re: #69 Dr Lizardo
Even that which is argued in Christianity as “the” objective morality (the Ten Commandments) is not objective.
“Thou shalt not kill” is sometimes translated as “thou shalt not murder.” The first (kill) is absolute, the second is defined in law.
My example of objective morals deals with “thou shalt not steal.” That’s a pretty clear statement: Theft is always wrong. It is morally repugnant.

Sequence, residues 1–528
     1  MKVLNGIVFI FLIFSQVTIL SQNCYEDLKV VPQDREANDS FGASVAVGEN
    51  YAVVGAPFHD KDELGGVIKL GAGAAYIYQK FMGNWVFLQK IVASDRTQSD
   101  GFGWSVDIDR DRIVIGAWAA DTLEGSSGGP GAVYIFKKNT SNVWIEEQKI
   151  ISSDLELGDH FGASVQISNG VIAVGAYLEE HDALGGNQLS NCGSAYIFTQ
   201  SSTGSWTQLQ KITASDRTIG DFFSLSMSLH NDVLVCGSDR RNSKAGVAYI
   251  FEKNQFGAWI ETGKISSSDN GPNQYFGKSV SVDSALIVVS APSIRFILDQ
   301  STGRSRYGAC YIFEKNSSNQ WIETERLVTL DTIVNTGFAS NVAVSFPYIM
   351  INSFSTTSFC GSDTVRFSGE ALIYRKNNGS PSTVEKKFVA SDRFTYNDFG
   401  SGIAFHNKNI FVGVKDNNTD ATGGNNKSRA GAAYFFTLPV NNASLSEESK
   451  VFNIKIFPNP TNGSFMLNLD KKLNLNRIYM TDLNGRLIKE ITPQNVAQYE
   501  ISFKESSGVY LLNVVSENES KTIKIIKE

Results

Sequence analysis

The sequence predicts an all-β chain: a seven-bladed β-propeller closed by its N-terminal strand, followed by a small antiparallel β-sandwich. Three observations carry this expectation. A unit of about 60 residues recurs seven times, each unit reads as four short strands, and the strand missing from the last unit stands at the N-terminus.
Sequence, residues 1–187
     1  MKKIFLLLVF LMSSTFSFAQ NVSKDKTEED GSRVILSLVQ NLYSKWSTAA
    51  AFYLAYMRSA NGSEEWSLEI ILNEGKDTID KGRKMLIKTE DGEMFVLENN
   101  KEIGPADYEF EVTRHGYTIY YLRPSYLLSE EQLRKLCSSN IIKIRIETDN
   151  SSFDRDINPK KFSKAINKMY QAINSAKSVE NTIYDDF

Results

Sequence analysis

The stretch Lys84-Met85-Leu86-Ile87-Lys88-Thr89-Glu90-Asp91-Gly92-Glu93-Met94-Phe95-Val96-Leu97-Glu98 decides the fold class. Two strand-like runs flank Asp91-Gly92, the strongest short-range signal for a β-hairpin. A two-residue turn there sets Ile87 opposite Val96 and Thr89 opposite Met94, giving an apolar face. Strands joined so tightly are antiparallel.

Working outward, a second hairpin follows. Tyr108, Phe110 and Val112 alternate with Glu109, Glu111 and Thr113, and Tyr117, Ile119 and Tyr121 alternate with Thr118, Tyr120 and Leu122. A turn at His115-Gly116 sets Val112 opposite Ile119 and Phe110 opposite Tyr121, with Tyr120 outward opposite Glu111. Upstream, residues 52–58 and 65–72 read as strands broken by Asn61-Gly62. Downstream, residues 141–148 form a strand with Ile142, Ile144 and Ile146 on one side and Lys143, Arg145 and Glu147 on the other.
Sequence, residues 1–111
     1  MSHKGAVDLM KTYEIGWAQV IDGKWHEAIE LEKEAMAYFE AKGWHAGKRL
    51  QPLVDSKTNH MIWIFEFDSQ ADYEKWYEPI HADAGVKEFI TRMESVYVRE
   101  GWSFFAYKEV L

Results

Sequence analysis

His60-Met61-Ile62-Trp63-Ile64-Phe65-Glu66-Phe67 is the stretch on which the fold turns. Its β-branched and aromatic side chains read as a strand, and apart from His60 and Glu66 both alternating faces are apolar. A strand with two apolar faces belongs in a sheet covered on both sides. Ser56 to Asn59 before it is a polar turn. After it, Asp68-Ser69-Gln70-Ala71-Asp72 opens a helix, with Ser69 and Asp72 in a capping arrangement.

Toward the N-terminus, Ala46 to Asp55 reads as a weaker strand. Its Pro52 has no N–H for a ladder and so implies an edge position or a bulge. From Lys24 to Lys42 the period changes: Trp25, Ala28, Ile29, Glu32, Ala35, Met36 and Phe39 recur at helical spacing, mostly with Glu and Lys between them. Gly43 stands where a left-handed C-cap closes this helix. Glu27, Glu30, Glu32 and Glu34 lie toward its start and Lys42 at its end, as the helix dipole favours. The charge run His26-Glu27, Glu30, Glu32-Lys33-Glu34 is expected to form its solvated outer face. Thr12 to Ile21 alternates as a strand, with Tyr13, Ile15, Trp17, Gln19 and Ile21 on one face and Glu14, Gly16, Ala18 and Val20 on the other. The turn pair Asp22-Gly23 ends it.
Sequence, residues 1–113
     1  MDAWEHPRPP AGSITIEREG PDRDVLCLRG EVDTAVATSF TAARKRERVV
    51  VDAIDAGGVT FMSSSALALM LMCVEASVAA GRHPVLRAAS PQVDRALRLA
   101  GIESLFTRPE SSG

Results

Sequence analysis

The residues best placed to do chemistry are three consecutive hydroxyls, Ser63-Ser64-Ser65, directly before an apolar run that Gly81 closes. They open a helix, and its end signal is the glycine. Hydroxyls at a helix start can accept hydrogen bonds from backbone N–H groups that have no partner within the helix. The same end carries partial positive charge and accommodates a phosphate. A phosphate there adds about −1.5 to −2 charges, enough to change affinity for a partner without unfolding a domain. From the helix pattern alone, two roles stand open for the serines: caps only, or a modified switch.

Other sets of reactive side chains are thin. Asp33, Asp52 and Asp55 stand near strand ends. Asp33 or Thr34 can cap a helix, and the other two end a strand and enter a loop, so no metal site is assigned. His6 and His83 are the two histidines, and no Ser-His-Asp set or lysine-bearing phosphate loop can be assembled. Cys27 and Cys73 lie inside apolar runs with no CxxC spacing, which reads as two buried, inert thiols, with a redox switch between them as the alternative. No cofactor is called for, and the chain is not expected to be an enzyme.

If you are a police officer who is under cover, embedded with a group thought to be extremists, and you encounter during your surveillance the plans to blow up an elementary school, is it wrong to steal those plans and turn them over to your superiors to foil the plot?
Thou shalt not steal is a moral absolute. It does not make a distinction. Theft is wrong.
The fact that someone can rationalise that theft of plans as “for the greater good” (which ain’t in the Ten Commandments) shows that even in that cornerstone of belief, there is no objective morality when the rubber hits the road.